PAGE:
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Title: Molecular etiology of atherogenesis--in vitro induction of lipidosis in macrophages with a new LDL model
Authors: Estronca, Luís 
Silva, Joao Carlos Pinho
Sampaio, Julio L.
Shevchenko, Andrej
Verkade, Paul
Vaz, Alfin D. N.
Vaz, Winchil L. C. 
Vieira, Otília V. 
Issue Date: 2012
Publisher: Public Library of Science
Project: Research grant PTDC/SAU/MII/66285/2006 
SFRH/BPD/26843/ 2006 
TRR 83 grant from the Deutsche Forschungsgemeinschaft 
Virtual Liver grant (Code/0315757) from the Bundesministerium fu¨ r Bildung und Forschung 
Serial title, monograph or event: PLoS ONE
Volume: 7
Issue: 4
Abstract: Background: Atherosclerosis starts by lipid accumulation in the arterial intima and progresses into a chronic vascular inflammatory disease. A major atherogenic process is the formation of lipid-loaded macrophages in which a breakdown of the endolysomal pathway results in irreversible accumulation of cargo in the late endocytic compartments with a phenotype similar to several forms of lipidosis. Macrophages exposed to oxidized LDL exihibit this phenomenon in vitro and manifest an impaired degradation of internalized lipids and enhanced inflammatory stimulation. Identification of the specific chemical component(s) causing this phenotype has been elusive because of the chemical complexity of oxidized LDL. Methodology/Principal Findings: Lipid ‘‘core aldehydes’’ are formed in oxidized LDL and exist in atherosclerotic plaques. These aldehydes are slowly oxidized in situ and (much faster) by intracellular aldehyde oxidizing systems to cholesteryl hemiesters. We show that a single cholesteryl hemiester incorporated into native, non-oxidized LDL induces a lipidosis phenotype with subsequent cell death in macrophages. Internalization of the cholesteryl hemiester via the native LDL vehicle induced lipid accumulation in a time- and concentration-dependent manner in ‘‘frozen’’ endolysosomes. Quantitative shotgun lipidomics analysis showed that internalized lipid in cholesteryl hemiester-intoxicated cells remained largely unprocessed in those lipid-rich organelles. Conclusions/Significance: The principle elucidated with the present cholesteryl hemiester-containing native-LDL model, extended to other molecular components of oxidized LDL, will help in defining the molecular etiology and etiological hierarchy of atherogenic agents.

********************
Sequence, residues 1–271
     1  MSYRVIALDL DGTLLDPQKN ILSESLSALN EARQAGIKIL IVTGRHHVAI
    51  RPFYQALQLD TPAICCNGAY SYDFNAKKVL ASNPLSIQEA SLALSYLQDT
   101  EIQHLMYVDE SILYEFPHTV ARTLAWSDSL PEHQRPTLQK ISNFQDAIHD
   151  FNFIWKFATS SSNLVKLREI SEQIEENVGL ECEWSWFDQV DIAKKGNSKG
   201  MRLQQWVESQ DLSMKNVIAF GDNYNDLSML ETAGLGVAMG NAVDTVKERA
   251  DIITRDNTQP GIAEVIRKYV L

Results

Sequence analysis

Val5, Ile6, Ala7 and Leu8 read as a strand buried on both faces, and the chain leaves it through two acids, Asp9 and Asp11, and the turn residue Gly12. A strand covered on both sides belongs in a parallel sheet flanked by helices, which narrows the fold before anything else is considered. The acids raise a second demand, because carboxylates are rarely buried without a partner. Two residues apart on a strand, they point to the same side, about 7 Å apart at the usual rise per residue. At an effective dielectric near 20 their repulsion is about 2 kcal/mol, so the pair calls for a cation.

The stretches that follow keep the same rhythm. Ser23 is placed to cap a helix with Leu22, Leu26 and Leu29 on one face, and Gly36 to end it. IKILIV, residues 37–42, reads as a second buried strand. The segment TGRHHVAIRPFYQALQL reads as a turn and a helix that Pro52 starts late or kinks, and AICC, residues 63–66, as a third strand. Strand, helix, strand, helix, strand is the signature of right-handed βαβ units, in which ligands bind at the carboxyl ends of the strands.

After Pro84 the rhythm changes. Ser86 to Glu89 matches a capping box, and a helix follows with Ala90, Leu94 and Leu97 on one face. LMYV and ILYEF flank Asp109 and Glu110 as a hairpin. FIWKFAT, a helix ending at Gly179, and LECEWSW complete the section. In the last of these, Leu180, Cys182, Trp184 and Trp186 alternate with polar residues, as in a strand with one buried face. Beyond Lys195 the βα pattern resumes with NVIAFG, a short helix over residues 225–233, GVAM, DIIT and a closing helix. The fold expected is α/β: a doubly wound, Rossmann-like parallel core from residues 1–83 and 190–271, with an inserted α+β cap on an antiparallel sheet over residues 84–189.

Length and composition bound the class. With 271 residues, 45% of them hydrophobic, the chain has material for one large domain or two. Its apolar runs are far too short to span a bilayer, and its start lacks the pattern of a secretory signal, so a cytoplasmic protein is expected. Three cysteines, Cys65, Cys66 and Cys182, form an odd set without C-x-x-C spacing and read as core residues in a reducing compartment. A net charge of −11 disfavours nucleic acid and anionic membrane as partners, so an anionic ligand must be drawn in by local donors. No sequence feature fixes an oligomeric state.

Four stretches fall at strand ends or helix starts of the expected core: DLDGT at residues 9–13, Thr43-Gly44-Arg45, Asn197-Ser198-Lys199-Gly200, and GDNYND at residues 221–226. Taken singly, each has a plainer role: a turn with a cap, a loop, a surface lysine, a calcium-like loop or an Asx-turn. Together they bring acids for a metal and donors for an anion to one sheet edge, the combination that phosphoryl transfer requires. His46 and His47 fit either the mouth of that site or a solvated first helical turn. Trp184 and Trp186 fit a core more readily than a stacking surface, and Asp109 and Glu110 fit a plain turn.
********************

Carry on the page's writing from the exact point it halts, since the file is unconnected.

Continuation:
ISSN: 1932-6203
DOI: 10.1371/journal.pone.0034822
Rights: openAccess
Appears in Collections:I&D CNC - Artigos em Revistas Internacionais

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